The Squirrel Chronicles: Letters to the city

©Dean Torges/The Bowyer's Edge™


Had another great night tonight, Adkins. Three shots. A young man in fourth grade accompanied me on the hunt. Last time I was at his father's farm hunting, he rode an electric golf cart back into the woods looking for me. I told him not to do that again, but that I welcomed him to walk back looking for me, or to come hunting with me if he so chose.

He ran over to me when I pulled up tonight, so I invited him to tag along. He was enthusiastic. I taught him how to walk quietly, toes first and weight back, just as I'd learned from a Howard Hill article in our St. C. library in the 50's. I told him not to point when he saw something, but to hiss and whisper, to avoid quick movements.

Pretty soon we were tooling along hunting in earnest. Little booger had good eyes. Saw two squirrels before I saw any. The first may have been a phantom, but not the second one. I was looking way up high into a tree top to uncover a squirrel pitching out acorns. The boy saw one down low on the same tree. He nodded, gave with a tiny point in close to his body, and whispered, "There's one right on the tree." Sure enough, its head and shoulders were poking around looking at us. I loosed an arrow and it passed where his head had been. The boy was amazed at the squirrel's reflexes and I was pleased with the shot, though I didn't say anything.

We hunted a while longer. I found it impossible to keep him behind me and maintain a slow pace, such was his enthusiasm, so we had more than one squirrel start barking at us before we knew they were around. I shot and barely missed one that stayed behind to scold us. Boy spotted it first, its tail spazzing with each bark. Dodged me again, I think. They are lightening quick, and if they are aware of you, you don't have much chance of striking a good shot.

On the way back to the truck, I made a long shot on one and knocked him out of his tree. Looked like a perfect hit. The arrow fell with him. Ran to the spot immediately, but found nothing more than my arrow. No blood on it. I didn't have the banding steel bleeder sharp enough on the pointy end, and it failed to cut the skin. Looked and looked. The boy and I got on either side of trees and searched, figuring he had climbed up and away. We looked under every snarl and snag on the ground. No squirrel to be found. Can't figure it. He looked unconscious on the way down. Fell like a dishrag and hit with a thud. Never saw any movement away from the spot where he hit. Perhaps the gods lifted him to Mt. Olympus for living a virtuous squirrel life, I dunno.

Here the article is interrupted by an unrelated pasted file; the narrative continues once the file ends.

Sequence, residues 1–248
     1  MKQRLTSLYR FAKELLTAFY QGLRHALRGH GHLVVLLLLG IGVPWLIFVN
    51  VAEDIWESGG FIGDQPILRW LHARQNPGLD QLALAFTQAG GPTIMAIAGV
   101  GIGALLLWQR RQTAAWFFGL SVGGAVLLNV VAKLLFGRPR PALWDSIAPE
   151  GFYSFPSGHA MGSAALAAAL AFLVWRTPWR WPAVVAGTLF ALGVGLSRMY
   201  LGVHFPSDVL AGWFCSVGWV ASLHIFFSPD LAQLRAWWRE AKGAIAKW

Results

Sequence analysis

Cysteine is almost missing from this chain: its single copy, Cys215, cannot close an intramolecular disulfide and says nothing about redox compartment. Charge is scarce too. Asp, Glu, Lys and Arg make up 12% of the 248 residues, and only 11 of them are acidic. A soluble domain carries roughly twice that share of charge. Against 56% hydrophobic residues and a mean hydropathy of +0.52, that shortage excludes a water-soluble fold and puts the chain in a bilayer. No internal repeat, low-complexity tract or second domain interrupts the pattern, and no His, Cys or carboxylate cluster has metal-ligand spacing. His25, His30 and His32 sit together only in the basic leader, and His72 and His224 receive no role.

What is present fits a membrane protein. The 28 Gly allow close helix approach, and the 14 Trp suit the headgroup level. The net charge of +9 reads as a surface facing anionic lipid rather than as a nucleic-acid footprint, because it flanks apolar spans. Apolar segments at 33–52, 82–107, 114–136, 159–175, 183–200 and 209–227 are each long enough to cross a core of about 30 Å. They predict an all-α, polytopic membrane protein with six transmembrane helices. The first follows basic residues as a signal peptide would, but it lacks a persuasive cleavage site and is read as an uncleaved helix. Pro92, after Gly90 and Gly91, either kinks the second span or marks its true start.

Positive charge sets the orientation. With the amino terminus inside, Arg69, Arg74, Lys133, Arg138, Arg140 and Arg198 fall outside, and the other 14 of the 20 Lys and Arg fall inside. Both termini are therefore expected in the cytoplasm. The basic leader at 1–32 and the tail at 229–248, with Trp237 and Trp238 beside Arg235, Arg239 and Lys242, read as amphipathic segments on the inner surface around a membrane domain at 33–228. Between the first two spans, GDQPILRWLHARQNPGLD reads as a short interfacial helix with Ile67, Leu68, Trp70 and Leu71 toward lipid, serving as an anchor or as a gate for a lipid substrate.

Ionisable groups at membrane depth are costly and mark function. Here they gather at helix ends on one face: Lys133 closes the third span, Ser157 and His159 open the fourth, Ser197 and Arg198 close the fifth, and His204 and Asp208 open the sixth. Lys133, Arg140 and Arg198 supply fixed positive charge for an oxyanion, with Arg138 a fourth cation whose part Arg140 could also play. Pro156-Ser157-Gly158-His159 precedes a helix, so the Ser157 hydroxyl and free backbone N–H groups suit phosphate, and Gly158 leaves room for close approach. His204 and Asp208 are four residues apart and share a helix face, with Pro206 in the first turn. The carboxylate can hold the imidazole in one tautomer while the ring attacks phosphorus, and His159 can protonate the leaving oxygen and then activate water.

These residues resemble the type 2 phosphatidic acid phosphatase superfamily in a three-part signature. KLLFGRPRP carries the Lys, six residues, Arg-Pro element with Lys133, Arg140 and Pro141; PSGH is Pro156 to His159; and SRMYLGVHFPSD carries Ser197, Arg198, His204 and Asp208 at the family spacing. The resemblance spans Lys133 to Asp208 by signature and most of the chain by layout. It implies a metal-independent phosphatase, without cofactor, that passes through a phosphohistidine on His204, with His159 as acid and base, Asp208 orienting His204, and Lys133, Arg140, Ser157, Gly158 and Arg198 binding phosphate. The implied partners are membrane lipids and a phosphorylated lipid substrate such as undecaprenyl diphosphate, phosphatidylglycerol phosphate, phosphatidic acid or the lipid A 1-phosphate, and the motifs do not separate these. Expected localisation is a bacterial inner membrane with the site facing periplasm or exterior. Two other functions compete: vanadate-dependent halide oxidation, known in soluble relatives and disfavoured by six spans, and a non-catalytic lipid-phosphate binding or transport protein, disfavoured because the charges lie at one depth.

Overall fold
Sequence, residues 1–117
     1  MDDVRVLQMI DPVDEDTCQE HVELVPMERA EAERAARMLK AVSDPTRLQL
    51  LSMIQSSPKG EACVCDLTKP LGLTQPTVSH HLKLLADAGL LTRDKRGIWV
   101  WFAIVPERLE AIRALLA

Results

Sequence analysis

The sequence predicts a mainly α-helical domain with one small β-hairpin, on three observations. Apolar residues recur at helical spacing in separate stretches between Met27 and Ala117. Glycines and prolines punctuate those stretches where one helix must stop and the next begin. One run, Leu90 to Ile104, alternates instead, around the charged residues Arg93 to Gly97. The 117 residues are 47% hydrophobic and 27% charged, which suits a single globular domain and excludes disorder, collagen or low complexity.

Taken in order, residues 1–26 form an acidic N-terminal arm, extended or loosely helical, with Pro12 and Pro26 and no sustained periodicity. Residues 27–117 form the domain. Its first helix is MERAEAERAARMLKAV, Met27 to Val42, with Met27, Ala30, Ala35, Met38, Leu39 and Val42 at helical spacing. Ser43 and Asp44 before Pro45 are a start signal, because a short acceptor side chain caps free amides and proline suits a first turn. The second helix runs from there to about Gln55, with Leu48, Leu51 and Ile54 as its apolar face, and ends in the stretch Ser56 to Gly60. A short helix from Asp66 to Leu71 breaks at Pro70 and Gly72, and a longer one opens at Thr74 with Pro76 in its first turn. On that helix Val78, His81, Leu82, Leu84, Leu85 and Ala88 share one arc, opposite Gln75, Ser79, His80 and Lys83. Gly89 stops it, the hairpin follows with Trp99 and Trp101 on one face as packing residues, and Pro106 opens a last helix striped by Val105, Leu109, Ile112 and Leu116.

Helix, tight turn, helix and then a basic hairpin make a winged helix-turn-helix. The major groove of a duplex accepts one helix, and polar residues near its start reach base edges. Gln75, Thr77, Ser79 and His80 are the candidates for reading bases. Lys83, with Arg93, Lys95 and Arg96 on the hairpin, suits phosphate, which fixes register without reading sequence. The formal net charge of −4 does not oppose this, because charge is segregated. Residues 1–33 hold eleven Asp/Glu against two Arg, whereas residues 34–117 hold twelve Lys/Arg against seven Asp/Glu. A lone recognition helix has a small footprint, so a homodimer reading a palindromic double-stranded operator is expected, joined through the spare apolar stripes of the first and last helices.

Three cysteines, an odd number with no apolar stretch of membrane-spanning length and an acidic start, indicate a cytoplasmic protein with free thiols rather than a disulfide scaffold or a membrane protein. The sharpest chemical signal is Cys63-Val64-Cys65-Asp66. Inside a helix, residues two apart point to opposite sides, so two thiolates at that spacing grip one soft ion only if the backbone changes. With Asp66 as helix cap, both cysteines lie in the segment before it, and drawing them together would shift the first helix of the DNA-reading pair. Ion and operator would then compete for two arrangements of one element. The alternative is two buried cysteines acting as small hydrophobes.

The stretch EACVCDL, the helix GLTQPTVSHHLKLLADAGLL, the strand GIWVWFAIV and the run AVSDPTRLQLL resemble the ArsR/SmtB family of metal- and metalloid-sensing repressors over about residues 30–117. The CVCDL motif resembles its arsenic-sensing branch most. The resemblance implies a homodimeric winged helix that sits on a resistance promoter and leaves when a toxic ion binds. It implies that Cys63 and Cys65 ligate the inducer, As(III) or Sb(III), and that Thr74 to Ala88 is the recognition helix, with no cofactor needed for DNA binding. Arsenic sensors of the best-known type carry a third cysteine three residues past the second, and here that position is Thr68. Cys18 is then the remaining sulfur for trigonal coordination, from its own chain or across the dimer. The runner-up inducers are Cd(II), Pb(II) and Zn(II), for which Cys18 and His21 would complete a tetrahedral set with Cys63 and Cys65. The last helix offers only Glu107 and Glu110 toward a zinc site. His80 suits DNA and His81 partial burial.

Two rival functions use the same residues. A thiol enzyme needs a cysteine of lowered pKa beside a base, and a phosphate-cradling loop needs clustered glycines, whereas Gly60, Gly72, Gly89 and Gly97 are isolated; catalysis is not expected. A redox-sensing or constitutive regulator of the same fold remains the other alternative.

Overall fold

Point is that the boy helped look long and hard. Did not take the squirrel's life lightly. We finally quit the search, and on the way out I was hitting just about every leaf and tuft of grass I had a mind to. The boy wants a bow.

Good night. Much love.


P.S., Do you remember the time I took you with me squirrel hunting back in high school? That was to one of my favorite beech woods, in the wilder parts of Belmont County. Huge mature trees in a wilderness I never fully explored, and full of squirrels. Nothing like it around here any more. Probably nothing like it there either, now. Do you remember the humongous snapping turtle I found working its way up through a dry ravine bottom. I took him to Linda Polinsky's house to shuck him from his shell. Thought to impress her parents with my prowess. Didn't. Not even when I roasted a young groundhog for them on their charcoal grill earlier that summer. I chuckle now remembering how desperate they were to break up that romance.

Your passion is sailing upon the ocean in little boats, and I can see the comparisons you've pointed out to hunting with the bow and arrow—the layers of awareness required to be a good sailor. But hunting is more than finding your way through the world. It's more than discovering the extent to which modern life has distorted our perceptions or required us to deaden our senses; and it's also more than awakening to a natural world more alive and vital than ours in every manifestation. Hunting with the bow and arrow involves earning your way by making meat, getting your hands messy in the process and then recognizing your own reflection upon them. Ironically, this same process creates the friendliest, cleanest path we've ever found, one that covers up its own wake, provides us close acquaintanceships with everything around us, prepares us for our own inevitability, and feeds our spirit in the bargain. Perhaps when you've gathered some vacation time from your new commitments, we can head for the Millston swamps in South Carolina once again, and in that ancient place you'll have another chance to stalk along this path.